C# – Assembly.GetCallingAssembly() and static constructors

c++reflectionstatic-constructor

Ok, so I just ran into the following problem that raised an eyebrow.

For various reasons I have a testing setup where Testing classes in a TestingAssembly.dll depend on the TestingBase class in a BaseTestingAssembly.dll.
One of the things the TestBase does in the meantime is look for a certain embedded resource in its own and the calling assembly

So my BaseTestingAssembly contained the following lines…

public class TestBase {    
  private static Assembly _assembly;
  private static Assembly _calling_assembly;

  static TestBase() {
    _assembly = Assembly.GetExecutingAssembly();
    _calling_assembly = Assembly.GetCallingAssembly();
  }
}

Static since I figured, these assemblies would be the same over the application's lifetime so why bother recalculating them on every single test.

When running this however I noticed that both _assembly and _calling_assembly were being set to BaseTestingAssembly rather than BaseTestingAssembly and TestingAssembly respectively.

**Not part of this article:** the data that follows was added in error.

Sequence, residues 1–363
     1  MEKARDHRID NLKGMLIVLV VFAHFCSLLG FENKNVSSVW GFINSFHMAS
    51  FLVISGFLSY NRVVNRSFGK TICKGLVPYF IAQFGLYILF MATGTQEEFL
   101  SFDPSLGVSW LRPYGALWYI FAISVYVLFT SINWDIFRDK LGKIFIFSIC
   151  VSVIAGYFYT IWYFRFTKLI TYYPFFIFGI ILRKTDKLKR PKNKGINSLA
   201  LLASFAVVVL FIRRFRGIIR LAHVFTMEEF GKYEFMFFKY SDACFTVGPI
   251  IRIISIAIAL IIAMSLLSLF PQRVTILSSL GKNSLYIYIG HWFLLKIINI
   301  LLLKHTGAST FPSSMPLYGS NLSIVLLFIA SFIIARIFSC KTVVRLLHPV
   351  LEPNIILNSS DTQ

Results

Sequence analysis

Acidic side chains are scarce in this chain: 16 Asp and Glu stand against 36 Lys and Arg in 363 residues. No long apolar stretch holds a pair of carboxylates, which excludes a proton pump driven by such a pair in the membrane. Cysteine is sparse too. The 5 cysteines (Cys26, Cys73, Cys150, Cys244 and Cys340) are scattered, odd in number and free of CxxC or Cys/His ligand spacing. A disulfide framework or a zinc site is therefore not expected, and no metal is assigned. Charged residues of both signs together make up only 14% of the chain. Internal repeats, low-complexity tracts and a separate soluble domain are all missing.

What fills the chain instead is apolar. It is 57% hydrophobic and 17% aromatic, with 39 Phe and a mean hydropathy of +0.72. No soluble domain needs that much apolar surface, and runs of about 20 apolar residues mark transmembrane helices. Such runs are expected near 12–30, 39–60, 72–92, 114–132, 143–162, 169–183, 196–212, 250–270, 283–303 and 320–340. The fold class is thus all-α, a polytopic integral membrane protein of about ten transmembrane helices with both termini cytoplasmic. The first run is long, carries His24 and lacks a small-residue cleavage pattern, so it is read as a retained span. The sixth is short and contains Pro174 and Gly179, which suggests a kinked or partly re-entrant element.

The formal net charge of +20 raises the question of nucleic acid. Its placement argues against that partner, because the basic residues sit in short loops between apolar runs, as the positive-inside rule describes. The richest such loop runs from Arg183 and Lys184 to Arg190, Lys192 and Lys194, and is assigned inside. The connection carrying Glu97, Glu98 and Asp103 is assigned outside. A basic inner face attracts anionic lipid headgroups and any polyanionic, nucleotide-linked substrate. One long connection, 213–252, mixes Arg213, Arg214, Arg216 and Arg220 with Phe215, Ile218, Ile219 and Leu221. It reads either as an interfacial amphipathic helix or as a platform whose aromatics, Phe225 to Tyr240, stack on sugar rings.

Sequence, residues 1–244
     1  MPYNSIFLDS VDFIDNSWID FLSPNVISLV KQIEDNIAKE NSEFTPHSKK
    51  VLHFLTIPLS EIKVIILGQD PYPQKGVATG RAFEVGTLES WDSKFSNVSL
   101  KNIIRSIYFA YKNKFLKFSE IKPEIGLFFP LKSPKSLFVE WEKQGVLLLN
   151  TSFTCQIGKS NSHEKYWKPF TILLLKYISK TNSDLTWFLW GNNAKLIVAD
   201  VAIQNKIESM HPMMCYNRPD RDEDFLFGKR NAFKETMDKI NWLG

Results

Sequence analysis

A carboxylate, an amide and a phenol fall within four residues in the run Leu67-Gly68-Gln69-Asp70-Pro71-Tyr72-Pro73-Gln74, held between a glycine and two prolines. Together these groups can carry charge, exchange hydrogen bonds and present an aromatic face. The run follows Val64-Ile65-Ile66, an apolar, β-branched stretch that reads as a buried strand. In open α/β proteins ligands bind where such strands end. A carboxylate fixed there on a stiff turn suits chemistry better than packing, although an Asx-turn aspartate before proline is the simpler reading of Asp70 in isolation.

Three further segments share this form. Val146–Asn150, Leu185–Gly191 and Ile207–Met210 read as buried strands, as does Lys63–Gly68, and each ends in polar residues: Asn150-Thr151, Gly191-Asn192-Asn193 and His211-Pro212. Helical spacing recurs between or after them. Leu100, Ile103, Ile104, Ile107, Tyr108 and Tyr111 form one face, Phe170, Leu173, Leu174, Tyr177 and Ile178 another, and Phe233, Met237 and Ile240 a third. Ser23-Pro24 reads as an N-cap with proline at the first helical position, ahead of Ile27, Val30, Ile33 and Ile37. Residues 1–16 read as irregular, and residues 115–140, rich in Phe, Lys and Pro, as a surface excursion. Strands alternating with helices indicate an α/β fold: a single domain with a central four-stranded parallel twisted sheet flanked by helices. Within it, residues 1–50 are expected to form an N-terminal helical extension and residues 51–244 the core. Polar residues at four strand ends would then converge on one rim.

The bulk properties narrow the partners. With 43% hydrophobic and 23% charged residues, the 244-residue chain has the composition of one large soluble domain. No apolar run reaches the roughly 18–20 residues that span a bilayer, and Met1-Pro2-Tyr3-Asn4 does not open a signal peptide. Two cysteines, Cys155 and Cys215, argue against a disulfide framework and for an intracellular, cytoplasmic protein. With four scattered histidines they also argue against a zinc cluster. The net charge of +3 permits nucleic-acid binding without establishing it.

Setting the variables to non-static and having them initialized in a regular constructor fixed this but I am confused why this happened to begin this. I thought static constructors run the first time a static member gets referenced. This could only have been from my TestingAssembly which should then have been the caller. Does anyone know what might have happened?

Best Solution

The static constructor is called by the runtime and not directly by user code. You can see this by setting a breakpoint in the constructor and then running in the debugger. The function immediately above it in the call chain is native code.

Edit: There are a lot of ways in which static initializers run in a different environment than other user code. Some other ways are

  1. They're implicitly protected against race conditions resulting from multithreading
  2. You can't catch exceptions from outside the initializer

In general, it's probably best not to use them for anything too sophisticated. You can implement single-init with the following pattern:

private static Assembly _assembly;
private static Assembly Assembly {
  get {
    if (_assembly == null) _assembly = Assembly.GetExecutingAssembly();
    return _assembly;
  }
}

private static Assembly _calling_assembly;
private static Assembly CallingAssembly {
  get {
    if (_calling_assembly == null) _calling_assembly = Assembly.GetCallingAssembly();
    return _calling_assembly;
  }
}

Add locking if you expect multithreaded access.